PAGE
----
It has always been known that there was a call from Washington, but apparently not from LBJ as Crenshaw's book claims. My own research, conducted at the request of KXAS-TV, the NBC affiliate in Dallas, found that LBJ was in his limo at the very moment Crenshaw's book indicates the call came in. There is no record of any such radiotelephone call which, according to the procedures in place, would have to have been routed to Dallas through the White House switchboard where all calls were logged. Nor is there an account from any of the people in the car that LBJ said "Excuse me, I have to call the hospital." And there would certainly be no need to keep such an event, if it happened, secret. (Post on newsgroup alt.assassination.jfk on 10/9/98.)

3. Crenshaw claims (p. 188) that he told Shires about the call in the ER immediately after it was made. But neither Shires nor any of the other doctors there have ever mentioned such a statement.

Crenshaw supporters claim corroboration of Crenshaw's tale from a Doctor Phillip Williams. According to the New York Times of May 26, 1992, Williams said that he remembered reports of two White House telephone calls to the operating room.

Quoting Williams: "I vividly remember someone said, and I can't say who it was, the White House is calling and President Johnson wants to know what the status of Oswald is."

It's interesting that Crenshaw supporters claim "corroboration" when this account flatly contradicts Crenshaw's! It does not confirm LBJ personally calling, and is not about getting a confession. According to the Times: " . . . Dr. Williams said he had never heard that Johnson wanted to get a confession. He also said he did not know whether it was Johnson or an aide who spoke on the phone." It seems unlikely that anything as memorable as a demand for a confession would be forgotten — if it actually happened.

Crenshaw supporters have cited one Phyllis Bartlett, telephone operator at Parkland, who claims that a man who identified himself as Lyndon Johnson called Parkland during the time Oswald was in surgery, and she patched him through to the operating room. Given Johnson's whereabouts, this is vastly implausible. And there is another problem with her story. As Gary Mack explains:

Parkland asked its personnel to write reports of their activities that weekend, and they are here in our collection [at the Sixth Floor Museum] and in the documents we duplicated for the ARRB. Neither Crenshaw, Bartlett or anyone else mentioned that there was either a call from LBJ or a call from Washington. They did mention getting more than a few crank calls, though. (Newsgroup post on alt.assassination.jfk, 10/15/98)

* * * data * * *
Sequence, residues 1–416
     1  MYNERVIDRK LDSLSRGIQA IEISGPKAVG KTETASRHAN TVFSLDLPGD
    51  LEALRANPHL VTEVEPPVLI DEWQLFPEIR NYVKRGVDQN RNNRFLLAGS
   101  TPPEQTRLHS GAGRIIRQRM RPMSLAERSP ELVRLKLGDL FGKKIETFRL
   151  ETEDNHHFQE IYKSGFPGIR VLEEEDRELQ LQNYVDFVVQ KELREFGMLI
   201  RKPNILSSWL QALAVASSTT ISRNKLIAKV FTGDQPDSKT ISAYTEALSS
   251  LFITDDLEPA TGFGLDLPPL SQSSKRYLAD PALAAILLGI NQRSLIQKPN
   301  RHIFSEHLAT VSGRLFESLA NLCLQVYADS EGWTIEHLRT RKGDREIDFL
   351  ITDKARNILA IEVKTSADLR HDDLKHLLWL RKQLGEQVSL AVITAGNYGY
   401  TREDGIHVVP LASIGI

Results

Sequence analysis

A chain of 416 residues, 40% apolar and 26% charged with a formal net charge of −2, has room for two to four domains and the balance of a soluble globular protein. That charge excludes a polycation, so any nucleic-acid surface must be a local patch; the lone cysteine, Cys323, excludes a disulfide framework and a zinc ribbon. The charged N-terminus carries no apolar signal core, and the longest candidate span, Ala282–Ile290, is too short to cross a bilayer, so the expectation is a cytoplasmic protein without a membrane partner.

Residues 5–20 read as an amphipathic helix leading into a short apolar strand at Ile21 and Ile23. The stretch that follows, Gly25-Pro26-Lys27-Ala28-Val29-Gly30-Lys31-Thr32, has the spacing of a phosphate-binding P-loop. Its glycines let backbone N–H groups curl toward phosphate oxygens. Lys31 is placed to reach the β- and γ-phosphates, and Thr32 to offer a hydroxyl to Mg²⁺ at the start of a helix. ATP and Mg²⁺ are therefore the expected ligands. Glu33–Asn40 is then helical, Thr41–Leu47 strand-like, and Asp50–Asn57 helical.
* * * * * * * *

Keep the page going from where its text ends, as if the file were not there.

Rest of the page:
As wild as Crenshaw's most recent story is, it appears to have been toned down compared to the original. Harrison Livingstone, for example, has claimed that the first version of Crenshaw's manuscript had Johnson calling and demanding, not that Oswald be gotten to confess, but that Oswald be killed. The Kennedy Assassination Home Page has been unable to confirm the existence of that manuscript, but the early version of the story was as Livingstone describes.

One of the researchers who was privy to this early version was Gus Russo, author of Live By The Sword. As Russo describes it:

When Oliver Stone was in Dallas prepping for JFK, a number of us were around as "technical advisors," which was a bit of a joke, since Stone only listened to people with crazy conspiracy info.

One night at the Stoneleigh [Hotel], Stone was having a slew of top secret meetings in his suite with people like Ricky White, whom Stone paid $80,000 for his fraudulent story, and the positively goofy Beverly Oliver. That night, Stone ushered Gary Shaw, [Robert] Groden and Crenshaw into his room; I was not invited, but I pressed Shaw (Crenshaw's and Oliver's advisor) for info in the lobby. He was the first to tell me that LBJ ordered Oswald killed. Later, Crenshaw came down, and we happened to be in the Stoneleigh men's room at the same time, standing at adjacent urinals. It was there that he told me that Johnson had ordered the Parkland staff to "kill the son-of-a-bitch." It was decided to "drown Oswald in his own blood," i.e. transfuse him until his lungs collapsed. (E-mail to the author dated August 25, 2003)

In addition to Gus Russo, we have Harrison Edward Livingstone (Killing the Truth, p. 607), who oddly enough seems to believe Crenshaw. Livingstone cites "discussions" with Crenshaw for Crenshaw's early claim that LBJ demanded that Oswald be killed.

And finally, we have Gary Mack reporting that Jane Rusconi, Oliver Stone’s research coordinator, confirmed the early version with LBJ wanting Oswald killed.

Thus is appears that Crenshaw's absurdly incredible early version was tempered in an attempt to make it more credible. With many devout conspiracy believers, the tactic succeeded. For others, Crenshaw merely added to the long list of witnesses whose tall tales litter the assassination landscape.